21. 21. North Markham LID Lifecycle Costs • North Markham, Future Urban Area (FUA) has many new features compared to conventional developments. • New services are evaluated for long-term lifecycle costs, including O&M and replacement. • Analysis allows sustainable funding to be secured up front for Muti-Use Paths, Low Impact Development features, etc. 21 North Markham 1288 ha
  22. 22. North Markham LID Unit Costs • Groups of LID features were assessed for O&M costs and replacement costs to derive unit costs scaled to whole 1288 hectare development. • Sources of maintenance tasks and costs included: – TRCA 2013 STEP Life Cycle Costs – City of Barrie LID Lifecycle Analysis – CVC Permeable Paver O&M Cleaning Costs – Markham Operations, Engineering, Environmental Services Staff – Checking with ASCE 2010 publication, consultant cost estimates • Added activities included: – Administration (GIS, records management, etc.) – Design, Contract Admin, Project Management – Replacement for measures with > 50 year service life – Labour payroll burden, equipment, travel time (indirect costs) 22 Sources: TRCA 2013, ASCE 2010
  23. 23. Indirect O&M Costs Related to Activities 23 15-20% Indirect Costs, Truck ($60/hr), Payroll Burden (benefits etc.) 15-20%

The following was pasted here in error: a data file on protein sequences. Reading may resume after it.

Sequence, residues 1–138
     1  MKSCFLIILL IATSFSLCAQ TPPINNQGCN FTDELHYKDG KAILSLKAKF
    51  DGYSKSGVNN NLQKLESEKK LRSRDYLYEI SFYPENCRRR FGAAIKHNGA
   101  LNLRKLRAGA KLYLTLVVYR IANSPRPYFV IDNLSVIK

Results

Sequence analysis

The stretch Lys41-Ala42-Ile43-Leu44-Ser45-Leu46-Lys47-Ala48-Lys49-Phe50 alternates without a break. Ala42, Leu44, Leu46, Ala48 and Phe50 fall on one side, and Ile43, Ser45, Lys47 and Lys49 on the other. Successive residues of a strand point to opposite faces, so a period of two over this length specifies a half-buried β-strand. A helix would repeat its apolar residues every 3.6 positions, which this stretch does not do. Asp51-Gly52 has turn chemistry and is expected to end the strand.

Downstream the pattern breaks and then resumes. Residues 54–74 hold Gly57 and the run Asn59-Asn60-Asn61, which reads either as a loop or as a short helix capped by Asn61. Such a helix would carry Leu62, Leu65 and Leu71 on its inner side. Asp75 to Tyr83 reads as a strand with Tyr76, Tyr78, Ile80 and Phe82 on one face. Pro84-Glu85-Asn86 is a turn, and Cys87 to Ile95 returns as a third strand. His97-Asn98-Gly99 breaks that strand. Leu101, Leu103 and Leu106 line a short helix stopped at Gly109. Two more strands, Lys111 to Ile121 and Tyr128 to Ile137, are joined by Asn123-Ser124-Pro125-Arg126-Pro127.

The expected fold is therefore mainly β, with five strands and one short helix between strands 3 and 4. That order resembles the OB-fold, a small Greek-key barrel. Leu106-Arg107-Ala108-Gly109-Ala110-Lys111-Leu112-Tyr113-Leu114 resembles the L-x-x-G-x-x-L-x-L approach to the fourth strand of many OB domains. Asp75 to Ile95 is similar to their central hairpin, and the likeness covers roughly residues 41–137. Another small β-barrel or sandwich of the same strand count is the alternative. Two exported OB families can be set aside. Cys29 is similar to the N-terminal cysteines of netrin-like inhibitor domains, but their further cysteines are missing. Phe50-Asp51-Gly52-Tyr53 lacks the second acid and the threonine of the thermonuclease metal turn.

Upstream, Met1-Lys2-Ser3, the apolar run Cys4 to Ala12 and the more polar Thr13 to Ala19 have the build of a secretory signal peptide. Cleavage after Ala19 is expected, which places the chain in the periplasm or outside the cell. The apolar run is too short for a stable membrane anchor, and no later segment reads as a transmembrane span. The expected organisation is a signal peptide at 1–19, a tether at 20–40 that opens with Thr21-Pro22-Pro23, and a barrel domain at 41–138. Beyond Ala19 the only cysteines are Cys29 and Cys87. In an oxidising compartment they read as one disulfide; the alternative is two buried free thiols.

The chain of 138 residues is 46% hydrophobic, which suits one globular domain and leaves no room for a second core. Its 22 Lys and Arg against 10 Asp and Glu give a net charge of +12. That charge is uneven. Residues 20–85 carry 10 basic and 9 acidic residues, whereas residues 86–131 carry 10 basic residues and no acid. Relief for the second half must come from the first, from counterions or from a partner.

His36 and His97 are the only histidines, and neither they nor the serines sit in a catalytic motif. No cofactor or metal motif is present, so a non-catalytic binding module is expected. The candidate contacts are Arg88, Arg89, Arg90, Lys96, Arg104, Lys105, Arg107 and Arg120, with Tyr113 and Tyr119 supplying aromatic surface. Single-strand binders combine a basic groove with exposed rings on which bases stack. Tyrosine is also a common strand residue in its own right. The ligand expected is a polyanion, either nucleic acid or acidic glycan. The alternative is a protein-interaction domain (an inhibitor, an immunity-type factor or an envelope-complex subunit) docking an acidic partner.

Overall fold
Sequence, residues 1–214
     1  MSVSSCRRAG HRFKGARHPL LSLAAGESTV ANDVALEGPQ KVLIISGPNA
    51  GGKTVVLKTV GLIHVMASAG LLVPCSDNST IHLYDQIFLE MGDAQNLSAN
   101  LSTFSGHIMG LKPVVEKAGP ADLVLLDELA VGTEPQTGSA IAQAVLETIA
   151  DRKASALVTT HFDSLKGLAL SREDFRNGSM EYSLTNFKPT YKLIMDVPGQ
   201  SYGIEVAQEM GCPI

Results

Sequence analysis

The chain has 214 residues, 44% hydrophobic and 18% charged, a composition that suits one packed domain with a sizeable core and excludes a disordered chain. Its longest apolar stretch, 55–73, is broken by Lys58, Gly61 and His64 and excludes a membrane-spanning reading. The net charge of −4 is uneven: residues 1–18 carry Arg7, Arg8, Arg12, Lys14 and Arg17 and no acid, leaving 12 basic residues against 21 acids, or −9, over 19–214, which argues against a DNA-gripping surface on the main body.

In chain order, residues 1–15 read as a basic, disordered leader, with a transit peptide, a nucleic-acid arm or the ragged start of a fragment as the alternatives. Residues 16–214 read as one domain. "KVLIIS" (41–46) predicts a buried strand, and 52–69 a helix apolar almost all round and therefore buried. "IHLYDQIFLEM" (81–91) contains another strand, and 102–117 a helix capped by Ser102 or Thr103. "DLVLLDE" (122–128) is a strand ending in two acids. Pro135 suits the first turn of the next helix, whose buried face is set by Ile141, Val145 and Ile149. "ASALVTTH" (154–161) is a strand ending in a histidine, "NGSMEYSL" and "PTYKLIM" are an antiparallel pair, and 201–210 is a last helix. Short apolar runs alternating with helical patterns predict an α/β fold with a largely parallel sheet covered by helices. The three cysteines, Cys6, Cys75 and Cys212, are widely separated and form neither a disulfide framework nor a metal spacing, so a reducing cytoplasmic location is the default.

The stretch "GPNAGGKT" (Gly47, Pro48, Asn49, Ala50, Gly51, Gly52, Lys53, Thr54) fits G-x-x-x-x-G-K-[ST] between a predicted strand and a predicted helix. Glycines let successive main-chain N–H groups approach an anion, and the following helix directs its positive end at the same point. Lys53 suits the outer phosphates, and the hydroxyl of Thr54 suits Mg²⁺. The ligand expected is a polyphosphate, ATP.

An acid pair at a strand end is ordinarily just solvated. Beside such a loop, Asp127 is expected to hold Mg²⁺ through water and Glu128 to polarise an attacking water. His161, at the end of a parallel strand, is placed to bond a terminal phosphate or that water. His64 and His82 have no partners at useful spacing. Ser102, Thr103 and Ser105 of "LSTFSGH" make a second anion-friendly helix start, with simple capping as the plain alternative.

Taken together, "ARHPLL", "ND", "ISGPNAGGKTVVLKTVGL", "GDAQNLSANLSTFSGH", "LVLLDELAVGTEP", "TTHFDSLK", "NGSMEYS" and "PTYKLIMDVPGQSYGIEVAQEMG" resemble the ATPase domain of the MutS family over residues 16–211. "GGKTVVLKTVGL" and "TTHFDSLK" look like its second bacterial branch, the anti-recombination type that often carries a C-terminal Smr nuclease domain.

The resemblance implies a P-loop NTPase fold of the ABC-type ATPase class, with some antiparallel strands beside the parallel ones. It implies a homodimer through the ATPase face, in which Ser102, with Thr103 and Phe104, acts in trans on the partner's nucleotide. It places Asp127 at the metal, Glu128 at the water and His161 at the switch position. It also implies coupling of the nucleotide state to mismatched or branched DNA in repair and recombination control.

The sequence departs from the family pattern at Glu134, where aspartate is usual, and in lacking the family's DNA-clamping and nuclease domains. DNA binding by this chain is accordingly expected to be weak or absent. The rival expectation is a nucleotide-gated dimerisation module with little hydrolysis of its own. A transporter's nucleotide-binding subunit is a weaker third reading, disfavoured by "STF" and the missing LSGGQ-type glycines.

24. 24. North Markham LID Groups 24 (A) Bioretenion / Rain Gardens (B) Infiltration Galleries (C) Stormwater Planters (D) Permeable Pavement (E) Rain Cisterns
  25. 25. LID Unit Costs – Infiltration Gallery O&M 25 Normalized O&M Cost $2,211 / impervious ha / year DRAFT
  26. 26. LID Unit Costs – Infiltration Gallery Depreciation 26 Normalized Depreciation Cost $6,410 / impervious ha / yearDRAFT
  27. 27. LID Unit Costs – Infiltration Gallery Total Costs 27 DRAFT
  28. 28. LID Scenarios – Total North Markham Costs 28
  29. 29. LID Cost Funding Impacts – Utility Fees 29 Scenario Annual O&M Cost Annual Depreciation Total Cost % of Stormwater Fee Budget $234 M 1 $1.97 M $ 0.36 M $ 2.33 M 30 % 2 $ 0.42 M $ 1.21 M $ 1.63 M 21 % 3 $ 0.82 $ 0. 99 M $ 1.81 M 23 % City-wide fee increase (permanent)
  30. 30. LID Cost Funding Impacts – Total Budget 30 Scenario Annual O&M Cost Annual Depreciation Total Cost % of 2017 Capital and Operating Budget $283 M 1 $1.97 M $ 0.36 M $ 2.33 M 0.82 % 2 $ 0.42 M $ 1.21 M $ 1.63 M 0.58 % 3 $ 0.82 $ 0. 99 M $ 1.81 M 0.64 %
  31. 31. LID Cost Funding Impacts – Tax Rate 31 Scenario Annual O&M Cost Annual Depreciation Total Cost % of Tax Funded Programs 1 $1.97 M $ 0.36 M $ 2.33 M 1.6 % 2 $ 0.42 M $ 1.21 M $ 1.63 M 1.1 % 3 $ 0.82 $ 0. 99 M $ 1.81 M 1.2 % City-wide tax increase (permanent)
  32. 32. Conclusions • Many tools available for designing LIDs: – spreadsheets for York Region designs 20+ years ago – analytical probabilistic models for efficient ‘what if’ sensitivity analysis and design – advanced simulations (SWMM-based) • System-wide planning needed to identify cost-effective targets to meet local goals (e.g., subwatershed studies) • Costing evaluations have not always considered normalized costs, full lifecycle replacement costs, or system-wide O&M and ‘depreciation’ costs for sustainable financial planning. • LID O&M and depreciation costs for one large development block can have a tangible impact on city-wide finances (tax rate, utility fees, etc.) 32
  33. 33. Thank You 33